Wolff was lured to Ford in late 2010 by Mays, who himself had left Audi 14 years ago to shake up Ford’s staid design culture. He wanted Wolff—who drives a black Mustang and would never be mistaken for a typical Lincoln buyer—to do the same. “Max looks a little disruptive,” Mays says. “He’s got that trendy haircut and the shoes that turn up on the end that aren’t ever quite polished and just the right amount of stubble to make sure you know he’s a designer. He’s probably the best thing that could happen to Lincoln.”
Lincoln insiders say the remake of the MKZ reflects how much the company is leaning on Wolff’s talents. The new-look MKZ had been set to make its debut at the New York International Auto Show last April, but after seeing the prototype, Wolff immediately went to his new bosses and told them their supposed game-changing car would be a game-over car unless it underwent radical surgery. Getting approval to delay the rollout required sign-offs from Mark Fields, the top North American lieutenant to Ford Chief Executive Officer Alan Mulally, and from Derrick Kuzak, Ford’s global product development chief.
“What he was asking for wasn’t easy to deliver,” says Kuzak, who gave Wolff the green light for an emergency overhaul. The New York intro was scotched and the car’s mid-2012 on-sale date was pushed back a few months to allow time to reengineer parts of its mechanical skeleton.
Wolff started by asking Song what he would have done differently if he hadn’t been shackled with under-the-skin engineering that required such a square-jawed face on the car. Song walked Wolff over to his drawing board, where he pulled out earlier designs that were sleeker and made the car look faster.
“Maybe we could try to get back to that,” Wolff said.
The two designers immediately sat down at a drawing board and begin a marathon sketching session, pushing their scratched-out solutions across the table to each other. When they hit on looks they liked, they took them over to another designer who converted their drawings into 3D computer-animated images they could take for a virtual test drive.
The most complicated feature of Wolff’s design was the front grille of the new MKZ. The car’s avian headlights necessitated an engineering tear-up. To accommodate the headlights’ dramatic wingspan, Lincoln’s engineers had to change the spot where the headlights plug into the frame. That may sound simple, but it requires moving what engineers call “hard points” in the car’s mechanical architecture. And it set off a cascade of changes that the engineers began calling “the Max Change option.” All the underbody parts that connect the headlights to the frame had to be redesigned. The robots and factory tools used to install the headlights had to reprogrammed or replaced to enable a new way of building the car. The massive presses that stamp out body parts had to be equipped with new dies to make those soaring fenders that the headlights now flow into.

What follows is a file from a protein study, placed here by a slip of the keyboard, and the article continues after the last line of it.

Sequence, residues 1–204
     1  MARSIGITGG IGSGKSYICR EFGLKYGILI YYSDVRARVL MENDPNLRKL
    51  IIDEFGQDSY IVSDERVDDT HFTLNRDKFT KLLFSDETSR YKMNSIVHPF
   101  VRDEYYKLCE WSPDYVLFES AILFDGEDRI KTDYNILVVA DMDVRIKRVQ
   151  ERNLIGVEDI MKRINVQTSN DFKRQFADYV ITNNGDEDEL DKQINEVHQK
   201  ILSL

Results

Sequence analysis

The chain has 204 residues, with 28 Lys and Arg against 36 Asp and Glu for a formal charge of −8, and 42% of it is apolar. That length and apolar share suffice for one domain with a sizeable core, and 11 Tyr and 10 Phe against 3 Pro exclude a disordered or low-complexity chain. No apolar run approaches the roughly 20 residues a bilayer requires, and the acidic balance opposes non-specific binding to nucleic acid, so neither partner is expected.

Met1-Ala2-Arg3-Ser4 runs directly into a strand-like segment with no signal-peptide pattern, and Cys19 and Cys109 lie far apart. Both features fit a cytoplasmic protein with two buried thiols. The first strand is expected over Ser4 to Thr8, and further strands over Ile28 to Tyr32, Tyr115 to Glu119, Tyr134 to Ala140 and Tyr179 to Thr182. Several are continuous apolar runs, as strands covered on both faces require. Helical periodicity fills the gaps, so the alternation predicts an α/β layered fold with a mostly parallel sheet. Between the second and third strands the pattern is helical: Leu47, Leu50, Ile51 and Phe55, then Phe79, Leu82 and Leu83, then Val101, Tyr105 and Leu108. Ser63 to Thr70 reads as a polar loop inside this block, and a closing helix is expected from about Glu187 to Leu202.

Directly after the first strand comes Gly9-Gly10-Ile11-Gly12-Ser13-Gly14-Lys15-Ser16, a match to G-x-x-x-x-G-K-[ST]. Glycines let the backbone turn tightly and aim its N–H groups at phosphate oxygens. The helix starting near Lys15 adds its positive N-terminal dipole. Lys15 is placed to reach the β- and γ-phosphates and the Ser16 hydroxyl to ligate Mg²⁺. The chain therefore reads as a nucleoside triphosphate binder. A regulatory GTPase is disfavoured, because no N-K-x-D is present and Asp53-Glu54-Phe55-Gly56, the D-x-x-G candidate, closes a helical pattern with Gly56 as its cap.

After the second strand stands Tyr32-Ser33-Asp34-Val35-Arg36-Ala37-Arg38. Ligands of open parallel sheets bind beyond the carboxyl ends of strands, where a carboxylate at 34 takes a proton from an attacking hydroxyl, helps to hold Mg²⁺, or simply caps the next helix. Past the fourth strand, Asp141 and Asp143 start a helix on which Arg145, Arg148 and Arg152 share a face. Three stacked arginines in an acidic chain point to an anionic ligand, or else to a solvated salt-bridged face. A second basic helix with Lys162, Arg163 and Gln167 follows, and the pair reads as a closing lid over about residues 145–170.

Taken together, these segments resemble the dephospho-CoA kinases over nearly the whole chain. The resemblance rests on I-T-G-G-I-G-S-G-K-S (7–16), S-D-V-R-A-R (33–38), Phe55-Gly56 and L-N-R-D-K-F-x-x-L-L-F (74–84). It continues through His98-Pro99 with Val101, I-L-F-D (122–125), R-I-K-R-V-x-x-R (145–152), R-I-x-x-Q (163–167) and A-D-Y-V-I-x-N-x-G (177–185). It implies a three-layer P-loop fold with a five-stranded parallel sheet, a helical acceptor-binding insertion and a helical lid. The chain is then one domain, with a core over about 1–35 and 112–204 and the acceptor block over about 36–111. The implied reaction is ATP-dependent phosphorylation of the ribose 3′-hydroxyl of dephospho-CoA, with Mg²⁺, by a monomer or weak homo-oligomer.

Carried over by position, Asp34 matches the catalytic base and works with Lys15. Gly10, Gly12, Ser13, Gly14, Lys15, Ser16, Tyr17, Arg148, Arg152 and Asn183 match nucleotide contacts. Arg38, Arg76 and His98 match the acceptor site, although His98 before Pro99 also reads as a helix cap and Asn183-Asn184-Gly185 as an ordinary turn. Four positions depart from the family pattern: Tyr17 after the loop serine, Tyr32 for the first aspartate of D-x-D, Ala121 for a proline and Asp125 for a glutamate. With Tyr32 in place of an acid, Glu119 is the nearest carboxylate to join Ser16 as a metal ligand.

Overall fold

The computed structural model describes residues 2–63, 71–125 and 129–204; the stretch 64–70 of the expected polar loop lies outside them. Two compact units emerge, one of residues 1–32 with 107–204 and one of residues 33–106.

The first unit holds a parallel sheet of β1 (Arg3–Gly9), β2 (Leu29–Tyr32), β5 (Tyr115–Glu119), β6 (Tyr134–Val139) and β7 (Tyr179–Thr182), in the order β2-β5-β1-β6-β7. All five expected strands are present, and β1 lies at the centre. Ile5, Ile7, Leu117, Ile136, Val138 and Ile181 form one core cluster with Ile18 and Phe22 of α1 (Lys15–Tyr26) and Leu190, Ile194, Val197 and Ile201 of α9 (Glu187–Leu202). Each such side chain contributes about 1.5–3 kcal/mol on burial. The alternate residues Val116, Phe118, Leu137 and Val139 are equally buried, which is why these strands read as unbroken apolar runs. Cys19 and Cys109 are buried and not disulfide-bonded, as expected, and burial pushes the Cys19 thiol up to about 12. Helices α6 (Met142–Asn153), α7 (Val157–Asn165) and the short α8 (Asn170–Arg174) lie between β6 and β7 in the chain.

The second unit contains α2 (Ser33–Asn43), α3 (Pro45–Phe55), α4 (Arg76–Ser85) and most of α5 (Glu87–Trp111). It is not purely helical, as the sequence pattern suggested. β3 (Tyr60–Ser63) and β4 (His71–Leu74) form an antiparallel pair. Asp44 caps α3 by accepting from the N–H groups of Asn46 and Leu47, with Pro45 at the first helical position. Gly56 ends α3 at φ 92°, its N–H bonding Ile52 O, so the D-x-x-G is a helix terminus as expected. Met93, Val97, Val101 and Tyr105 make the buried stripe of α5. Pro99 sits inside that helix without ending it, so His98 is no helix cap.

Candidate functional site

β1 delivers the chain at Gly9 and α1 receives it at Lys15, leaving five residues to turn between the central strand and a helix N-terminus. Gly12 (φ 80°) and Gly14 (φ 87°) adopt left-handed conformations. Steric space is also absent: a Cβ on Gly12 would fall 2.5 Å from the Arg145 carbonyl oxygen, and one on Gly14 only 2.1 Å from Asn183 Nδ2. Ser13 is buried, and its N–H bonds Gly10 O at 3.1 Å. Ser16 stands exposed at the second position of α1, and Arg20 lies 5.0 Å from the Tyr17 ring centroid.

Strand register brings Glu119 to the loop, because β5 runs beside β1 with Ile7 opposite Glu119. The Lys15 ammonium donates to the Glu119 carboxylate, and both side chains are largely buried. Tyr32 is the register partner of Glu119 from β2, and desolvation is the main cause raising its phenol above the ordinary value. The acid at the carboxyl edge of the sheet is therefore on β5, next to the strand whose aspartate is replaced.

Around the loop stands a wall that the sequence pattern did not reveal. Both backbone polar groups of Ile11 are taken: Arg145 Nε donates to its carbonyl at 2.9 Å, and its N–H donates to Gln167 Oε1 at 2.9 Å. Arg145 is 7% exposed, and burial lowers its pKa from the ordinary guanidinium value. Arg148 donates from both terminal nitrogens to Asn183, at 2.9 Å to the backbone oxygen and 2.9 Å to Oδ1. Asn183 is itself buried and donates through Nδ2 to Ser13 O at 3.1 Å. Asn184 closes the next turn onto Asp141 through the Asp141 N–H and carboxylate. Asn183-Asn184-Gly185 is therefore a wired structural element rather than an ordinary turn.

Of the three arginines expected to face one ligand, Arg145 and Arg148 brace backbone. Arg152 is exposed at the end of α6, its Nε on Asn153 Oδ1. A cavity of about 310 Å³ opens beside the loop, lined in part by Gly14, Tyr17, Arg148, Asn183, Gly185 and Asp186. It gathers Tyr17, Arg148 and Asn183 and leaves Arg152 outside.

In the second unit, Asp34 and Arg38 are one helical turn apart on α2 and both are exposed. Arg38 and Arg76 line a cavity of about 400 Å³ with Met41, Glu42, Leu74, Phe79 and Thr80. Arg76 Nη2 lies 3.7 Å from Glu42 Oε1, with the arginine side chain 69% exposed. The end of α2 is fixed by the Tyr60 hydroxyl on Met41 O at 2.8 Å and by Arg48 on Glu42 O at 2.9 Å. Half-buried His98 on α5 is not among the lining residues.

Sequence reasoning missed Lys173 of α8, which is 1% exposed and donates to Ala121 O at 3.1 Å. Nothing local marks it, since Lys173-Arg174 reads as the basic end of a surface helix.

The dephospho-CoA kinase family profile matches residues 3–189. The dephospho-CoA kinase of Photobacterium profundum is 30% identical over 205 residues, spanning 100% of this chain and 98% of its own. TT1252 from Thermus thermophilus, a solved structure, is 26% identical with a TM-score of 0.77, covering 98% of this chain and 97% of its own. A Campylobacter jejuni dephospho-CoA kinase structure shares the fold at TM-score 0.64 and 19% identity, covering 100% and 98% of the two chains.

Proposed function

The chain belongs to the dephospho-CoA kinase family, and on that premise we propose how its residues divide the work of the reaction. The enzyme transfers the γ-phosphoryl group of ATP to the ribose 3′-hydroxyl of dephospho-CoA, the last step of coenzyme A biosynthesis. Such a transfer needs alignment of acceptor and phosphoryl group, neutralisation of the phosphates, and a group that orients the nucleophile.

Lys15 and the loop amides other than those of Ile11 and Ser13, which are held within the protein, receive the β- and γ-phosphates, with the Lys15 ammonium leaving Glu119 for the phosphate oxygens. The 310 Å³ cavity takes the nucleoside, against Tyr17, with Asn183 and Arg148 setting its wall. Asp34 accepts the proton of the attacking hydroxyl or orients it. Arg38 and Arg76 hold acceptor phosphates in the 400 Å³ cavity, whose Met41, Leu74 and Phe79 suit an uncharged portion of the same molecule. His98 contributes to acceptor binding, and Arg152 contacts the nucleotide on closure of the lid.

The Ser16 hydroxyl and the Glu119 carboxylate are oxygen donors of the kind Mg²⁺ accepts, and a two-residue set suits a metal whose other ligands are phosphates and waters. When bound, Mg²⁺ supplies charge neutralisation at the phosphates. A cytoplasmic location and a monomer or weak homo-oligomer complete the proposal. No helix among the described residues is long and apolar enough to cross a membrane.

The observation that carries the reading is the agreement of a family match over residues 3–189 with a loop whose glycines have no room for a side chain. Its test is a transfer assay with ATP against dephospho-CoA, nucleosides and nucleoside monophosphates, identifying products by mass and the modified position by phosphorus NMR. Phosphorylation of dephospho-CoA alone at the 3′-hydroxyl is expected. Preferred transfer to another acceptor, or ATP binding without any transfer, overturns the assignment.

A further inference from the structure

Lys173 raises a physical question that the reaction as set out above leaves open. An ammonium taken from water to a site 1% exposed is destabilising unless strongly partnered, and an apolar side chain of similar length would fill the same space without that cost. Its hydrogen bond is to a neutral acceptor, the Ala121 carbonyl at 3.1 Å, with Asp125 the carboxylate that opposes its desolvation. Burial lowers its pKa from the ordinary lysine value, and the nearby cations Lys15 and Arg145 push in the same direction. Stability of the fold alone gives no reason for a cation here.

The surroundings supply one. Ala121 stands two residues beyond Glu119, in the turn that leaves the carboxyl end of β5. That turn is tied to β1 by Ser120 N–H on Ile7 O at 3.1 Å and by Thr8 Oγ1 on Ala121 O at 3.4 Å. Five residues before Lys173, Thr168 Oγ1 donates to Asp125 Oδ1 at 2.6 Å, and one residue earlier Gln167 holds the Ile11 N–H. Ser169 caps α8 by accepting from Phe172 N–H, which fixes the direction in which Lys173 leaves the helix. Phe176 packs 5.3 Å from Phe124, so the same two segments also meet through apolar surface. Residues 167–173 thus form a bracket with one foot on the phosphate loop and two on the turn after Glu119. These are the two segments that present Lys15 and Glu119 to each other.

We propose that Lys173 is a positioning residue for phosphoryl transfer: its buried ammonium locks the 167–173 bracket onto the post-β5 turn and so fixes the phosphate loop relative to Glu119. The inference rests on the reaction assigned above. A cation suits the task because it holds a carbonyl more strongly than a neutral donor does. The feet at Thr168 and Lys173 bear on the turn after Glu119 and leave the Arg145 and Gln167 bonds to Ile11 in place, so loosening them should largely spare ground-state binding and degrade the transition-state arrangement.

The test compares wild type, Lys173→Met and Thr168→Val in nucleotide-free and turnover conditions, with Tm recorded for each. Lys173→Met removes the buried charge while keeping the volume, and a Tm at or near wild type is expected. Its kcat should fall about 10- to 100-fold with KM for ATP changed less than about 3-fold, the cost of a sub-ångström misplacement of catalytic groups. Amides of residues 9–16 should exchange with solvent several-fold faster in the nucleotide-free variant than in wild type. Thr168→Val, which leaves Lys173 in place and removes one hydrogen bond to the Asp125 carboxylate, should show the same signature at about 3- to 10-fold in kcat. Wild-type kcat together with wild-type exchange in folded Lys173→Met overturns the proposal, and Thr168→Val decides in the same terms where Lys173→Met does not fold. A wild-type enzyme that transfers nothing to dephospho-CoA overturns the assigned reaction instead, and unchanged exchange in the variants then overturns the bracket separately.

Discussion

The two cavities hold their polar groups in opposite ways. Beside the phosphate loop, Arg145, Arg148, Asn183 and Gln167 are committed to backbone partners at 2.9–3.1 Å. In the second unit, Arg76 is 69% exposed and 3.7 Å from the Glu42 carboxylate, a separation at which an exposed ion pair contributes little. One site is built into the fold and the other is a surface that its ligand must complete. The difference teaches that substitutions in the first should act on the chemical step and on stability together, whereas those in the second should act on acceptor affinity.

Wolff has already put his pretty new car to the test before owners of Audi, Lexus, and Cadillac models. At secret consumer clinics in California last March, he revealed his new design but kept the Lincoln logo off the car. By nearly two to one, the rival luxury car owners choose Wolff’s new look over the cars they drove. They also thought the Lincoln looked $6,000 more expensive than a Lexus ES350 and created a better first impression than an Audi A4, renowned for its stylish front end.
Neither Wolff nor his bosses at Ford will disclose how much they spent on redesigning the new MKZ. All told, Ford is putting about $1 billion into the effort to revive Lincoln, according to two sources familiar with the plan. That’s still just one-third of what GM spent a decade ago to turn Cadillac’s grandpa-mobiles into racy rides inspired by stealth fighters. For now, Wolff’s job is to perform triage on the seven new models Lincoln has coming in the next two years. The real test of Wolff’s vision will come when the Lincolns he designs from the ground up start hitting the streets, though that won’t happen until mid-decade at the earliest. “All of us want Lincoln to be seen as a top-tier luxury manufacturer, spoken about in the same breath as Mercedes-Benz, BMW, and Audi,” he says. “I think it’s possible to do that. How quickly that happens is still up for debate.” Lincoln doesn’t have much more time to lose.